By Josephine Ella-Ejeh
The United Kingdom (UK) has announced an additional £200 million support package of emergency relief for North-East Nigeria with effect from 2018 – 2022.
A press release obtained by Global Sentinel from the UK’s Department for International Development (DFID), indicated that the International Development Secretary, Priti Patel announced the new package of humanitarian support during a visit to Maiduguri.
With this, the country’s existing £100 million humanitarian support for 2017 would increase to £300m which is expected to cover the next five years.
UK Foreign Secretary, Boris Johnson and International Development Secretary, Priti Patel had visited Maiduguri on Wednesday, as part of the UK’s increasing support to saving lives and rebuilding northeast Nigeria.
The UK is one of the biggest donors supporting UNICEF’s humanitarian response in northeast Nigeria and its work in other parts of the country.
“Parts of northeast Nigeria including the outskirts of Maiduguri – a city that the Secretaries of State visited – have been decimated by attacks from Boko Haram. The militant group have killed over 20,000 people, displaced 1.7 million and left 8.5 million in desperate need of urgent support. Ongoing attacks continue to destroy communities, with recent reports of children being forced to carry suicide bombs,” the press release recalled.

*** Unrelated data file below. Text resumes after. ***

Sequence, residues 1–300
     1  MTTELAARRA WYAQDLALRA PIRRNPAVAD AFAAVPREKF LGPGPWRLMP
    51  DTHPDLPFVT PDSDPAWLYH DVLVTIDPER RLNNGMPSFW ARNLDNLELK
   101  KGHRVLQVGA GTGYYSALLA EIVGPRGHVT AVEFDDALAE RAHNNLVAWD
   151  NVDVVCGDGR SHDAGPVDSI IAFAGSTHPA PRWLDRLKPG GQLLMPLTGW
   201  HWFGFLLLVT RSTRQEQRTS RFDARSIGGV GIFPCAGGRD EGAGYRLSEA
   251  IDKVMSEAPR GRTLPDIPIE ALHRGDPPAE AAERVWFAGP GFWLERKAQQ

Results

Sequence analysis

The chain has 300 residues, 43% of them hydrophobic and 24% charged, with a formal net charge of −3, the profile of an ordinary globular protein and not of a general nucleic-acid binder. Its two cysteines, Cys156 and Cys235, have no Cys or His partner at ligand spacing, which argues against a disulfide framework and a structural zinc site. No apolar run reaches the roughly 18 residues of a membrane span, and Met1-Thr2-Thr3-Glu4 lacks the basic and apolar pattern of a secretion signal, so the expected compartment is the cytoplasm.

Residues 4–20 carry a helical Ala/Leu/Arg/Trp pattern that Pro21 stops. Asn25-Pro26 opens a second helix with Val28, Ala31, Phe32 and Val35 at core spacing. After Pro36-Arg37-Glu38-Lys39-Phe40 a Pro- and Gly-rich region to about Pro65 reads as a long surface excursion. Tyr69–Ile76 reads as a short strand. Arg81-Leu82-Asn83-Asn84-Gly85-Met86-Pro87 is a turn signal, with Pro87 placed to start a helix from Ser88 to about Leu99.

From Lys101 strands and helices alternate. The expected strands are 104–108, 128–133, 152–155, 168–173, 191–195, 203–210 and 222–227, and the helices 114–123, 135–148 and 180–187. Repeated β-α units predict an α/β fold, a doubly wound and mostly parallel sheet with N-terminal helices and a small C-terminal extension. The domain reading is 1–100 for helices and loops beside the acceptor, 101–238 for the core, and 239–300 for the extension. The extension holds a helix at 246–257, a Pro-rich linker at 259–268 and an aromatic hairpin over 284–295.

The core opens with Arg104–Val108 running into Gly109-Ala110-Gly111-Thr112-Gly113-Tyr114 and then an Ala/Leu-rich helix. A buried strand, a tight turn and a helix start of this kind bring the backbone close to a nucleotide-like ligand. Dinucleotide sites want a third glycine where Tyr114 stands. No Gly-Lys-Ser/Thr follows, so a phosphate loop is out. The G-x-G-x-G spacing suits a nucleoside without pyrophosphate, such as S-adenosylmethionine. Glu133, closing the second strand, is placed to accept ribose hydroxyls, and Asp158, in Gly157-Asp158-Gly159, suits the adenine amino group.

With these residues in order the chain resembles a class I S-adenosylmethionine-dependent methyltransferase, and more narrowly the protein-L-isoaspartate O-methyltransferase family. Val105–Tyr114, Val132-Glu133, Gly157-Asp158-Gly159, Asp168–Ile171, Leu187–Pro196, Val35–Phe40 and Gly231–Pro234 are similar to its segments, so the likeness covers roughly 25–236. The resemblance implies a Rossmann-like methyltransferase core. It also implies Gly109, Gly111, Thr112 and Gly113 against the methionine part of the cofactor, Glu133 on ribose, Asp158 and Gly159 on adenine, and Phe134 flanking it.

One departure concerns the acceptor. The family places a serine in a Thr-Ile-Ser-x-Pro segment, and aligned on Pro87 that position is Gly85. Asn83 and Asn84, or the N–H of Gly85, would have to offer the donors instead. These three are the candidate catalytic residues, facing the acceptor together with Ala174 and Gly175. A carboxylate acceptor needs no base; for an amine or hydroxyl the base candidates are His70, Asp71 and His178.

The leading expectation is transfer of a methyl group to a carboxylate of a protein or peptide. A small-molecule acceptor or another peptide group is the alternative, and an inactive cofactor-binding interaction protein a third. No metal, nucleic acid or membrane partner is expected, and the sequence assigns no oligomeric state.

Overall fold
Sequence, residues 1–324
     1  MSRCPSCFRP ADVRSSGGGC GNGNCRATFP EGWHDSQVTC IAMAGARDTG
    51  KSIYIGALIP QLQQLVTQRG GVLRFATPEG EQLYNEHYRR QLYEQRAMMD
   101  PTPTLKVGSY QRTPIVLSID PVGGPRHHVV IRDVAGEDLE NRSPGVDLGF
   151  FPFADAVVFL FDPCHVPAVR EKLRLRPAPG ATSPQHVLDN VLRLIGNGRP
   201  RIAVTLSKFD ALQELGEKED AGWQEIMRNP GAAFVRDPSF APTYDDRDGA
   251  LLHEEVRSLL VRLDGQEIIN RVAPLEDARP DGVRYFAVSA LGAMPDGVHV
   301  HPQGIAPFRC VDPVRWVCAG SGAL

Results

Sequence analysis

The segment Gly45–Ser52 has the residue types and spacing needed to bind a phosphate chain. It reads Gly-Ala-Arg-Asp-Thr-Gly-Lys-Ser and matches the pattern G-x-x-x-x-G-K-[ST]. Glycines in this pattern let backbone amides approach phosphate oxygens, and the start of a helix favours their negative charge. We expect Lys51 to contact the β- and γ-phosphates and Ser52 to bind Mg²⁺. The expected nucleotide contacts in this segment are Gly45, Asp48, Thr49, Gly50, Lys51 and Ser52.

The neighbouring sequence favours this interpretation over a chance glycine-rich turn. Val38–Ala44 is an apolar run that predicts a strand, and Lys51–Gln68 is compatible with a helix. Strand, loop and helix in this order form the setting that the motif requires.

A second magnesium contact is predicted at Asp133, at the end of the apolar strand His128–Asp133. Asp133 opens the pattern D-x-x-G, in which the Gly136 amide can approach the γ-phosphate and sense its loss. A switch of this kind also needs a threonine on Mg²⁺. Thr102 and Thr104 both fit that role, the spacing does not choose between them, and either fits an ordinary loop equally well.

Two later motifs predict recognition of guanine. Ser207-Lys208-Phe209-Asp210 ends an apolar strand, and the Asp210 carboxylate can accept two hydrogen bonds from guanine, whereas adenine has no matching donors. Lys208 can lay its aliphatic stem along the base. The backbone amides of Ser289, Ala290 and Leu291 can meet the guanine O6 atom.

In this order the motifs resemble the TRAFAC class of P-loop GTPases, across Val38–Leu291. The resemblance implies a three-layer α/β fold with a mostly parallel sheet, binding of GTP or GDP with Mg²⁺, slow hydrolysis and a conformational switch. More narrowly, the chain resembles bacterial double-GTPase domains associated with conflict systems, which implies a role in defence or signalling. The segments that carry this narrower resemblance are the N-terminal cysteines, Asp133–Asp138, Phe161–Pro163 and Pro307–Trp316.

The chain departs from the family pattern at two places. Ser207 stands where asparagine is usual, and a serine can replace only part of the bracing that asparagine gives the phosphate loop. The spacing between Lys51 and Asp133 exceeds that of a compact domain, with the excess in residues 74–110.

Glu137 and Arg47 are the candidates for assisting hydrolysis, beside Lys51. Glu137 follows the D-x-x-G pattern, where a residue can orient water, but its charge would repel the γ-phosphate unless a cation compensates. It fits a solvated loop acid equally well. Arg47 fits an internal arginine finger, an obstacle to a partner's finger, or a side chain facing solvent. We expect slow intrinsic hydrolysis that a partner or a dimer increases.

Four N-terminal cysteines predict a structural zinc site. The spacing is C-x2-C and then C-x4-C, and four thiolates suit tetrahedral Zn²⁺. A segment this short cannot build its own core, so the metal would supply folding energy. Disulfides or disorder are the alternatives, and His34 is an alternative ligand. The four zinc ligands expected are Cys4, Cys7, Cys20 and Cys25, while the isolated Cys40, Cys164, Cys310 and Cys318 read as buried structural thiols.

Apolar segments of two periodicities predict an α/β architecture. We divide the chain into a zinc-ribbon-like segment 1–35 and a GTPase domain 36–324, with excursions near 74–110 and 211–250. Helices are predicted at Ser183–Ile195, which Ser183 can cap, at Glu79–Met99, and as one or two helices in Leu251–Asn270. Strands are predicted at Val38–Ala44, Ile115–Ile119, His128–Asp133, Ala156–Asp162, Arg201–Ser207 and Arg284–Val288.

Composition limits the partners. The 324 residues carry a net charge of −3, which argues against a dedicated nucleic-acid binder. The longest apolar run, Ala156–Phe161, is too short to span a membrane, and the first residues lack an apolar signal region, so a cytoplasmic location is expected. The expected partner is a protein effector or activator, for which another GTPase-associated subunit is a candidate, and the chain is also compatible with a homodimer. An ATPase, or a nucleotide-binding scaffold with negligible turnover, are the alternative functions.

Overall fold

It said: “The UK’s increased support would extend DFID’s humanitarian programme in Nigeria over five years (2017-2022) to deliver:
Life saving food for more than 1.5 million people and treatment for up to 120,000 children at risk of dying from malnutrition-related causes.”
Others areas the grant would cover are, “ongoing support to help keep 100,000 girls and boys in education, providing a brighter future for the next generation; and humanitarian access to transport aid workers delivering assistance to the hardest to reach areas, for example using helicopters where roads are blocked or dangerous to use.”
Patel described in the press release as catastrophic, the killing of at least 20,000 people by Boko Haram’s terrorist regime, which also left over five million people hungry and many homeless.
“Babies’ bodies are shutting down and mothers who have lost everything are fighting to keep their children alive. Global Britain is a country that stands tall in the world and the UK will not turn its back on people living in danger and desperation,” he added.
On his part, Johnson was quoted in the press release as lamenting that: “Boko Haram has generated suffering, instability and poverty on a huge scale, with profound knock on effects far from Nigeria’s borders, and I am proud of Britain’s commitment to supporting the Nigerian people in tackling terror.”
He continues: “In Maiduguri I met casualties of Boko Haram violence, including bomb and gunshot victims and saw for myself the displacement of people that brutality and poverty have created.”
According to the press release, the new £200 million support package of emergency relief also includes the restoration of key infrastructure and services in northeast Nigeria.
“The support includes giving children living in conflict zones an education, improving access to health care, helping smallholder famers to restore their livelihoods and produce food to generate higher incomes and introducing innovative solar energy to power schools and health centres.
The programme will be delivered through capable and cost effective partners including the International Committee of the Red Cross (ICRC); UN agencies such as UNICEF, WFP, United Nations Humanitarian Air Service; INGOs and private sector partners,” it further explained.